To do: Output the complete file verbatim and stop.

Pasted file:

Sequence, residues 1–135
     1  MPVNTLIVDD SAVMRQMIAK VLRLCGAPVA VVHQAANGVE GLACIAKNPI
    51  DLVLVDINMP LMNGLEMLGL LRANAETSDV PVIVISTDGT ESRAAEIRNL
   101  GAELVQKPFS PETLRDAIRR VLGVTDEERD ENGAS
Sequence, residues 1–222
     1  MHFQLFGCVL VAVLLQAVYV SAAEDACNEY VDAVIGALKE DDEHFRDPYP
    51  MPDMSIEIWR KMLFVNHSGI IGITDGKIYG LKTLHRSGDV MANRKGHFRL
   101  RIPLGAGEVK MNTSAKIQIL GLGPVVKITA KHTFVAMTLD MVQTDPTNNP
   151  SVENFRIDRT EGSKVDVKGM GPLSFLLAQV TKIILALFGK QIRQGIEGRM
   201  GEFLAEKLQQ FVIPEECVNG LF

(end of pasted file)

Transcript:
Sequence, residues 1–135
     1  MPVNTLIVDD SAVMRQMIAK VLRLCGAPVA VVHQAANGVE GLACIAKNPI
    51  DLVLVDINMP LMNGLEMLGL LRANAETSDV PVIVISTDGT ESRAAEIRNL
   101  GAELVQKPFS PETLRDAIRR VLGVTDEERD ENGAS
Sequence, residues 1–222
     1  MHFQLFGCVL VAVLLQAVYV SAAEDACNEY VDAVIGALKE DDEHFRDPYP
    51  MPDMSIEIWR KMLFVNHSGI IGITDGKIYG LKTLHRSGDV MANRKGHFRL
   101  RIPLGAGEVK MNTSAKIQIL GLGPVVKITA KHTFVAMTLD MVQTDPTNNP
   151  SVENFRIDRT EGSKVDVKGM GPLSFLLAQV TKIILALFGK QIRQGIEGRM
   201  GEFLAEKLQQ FVIPEECVNG LF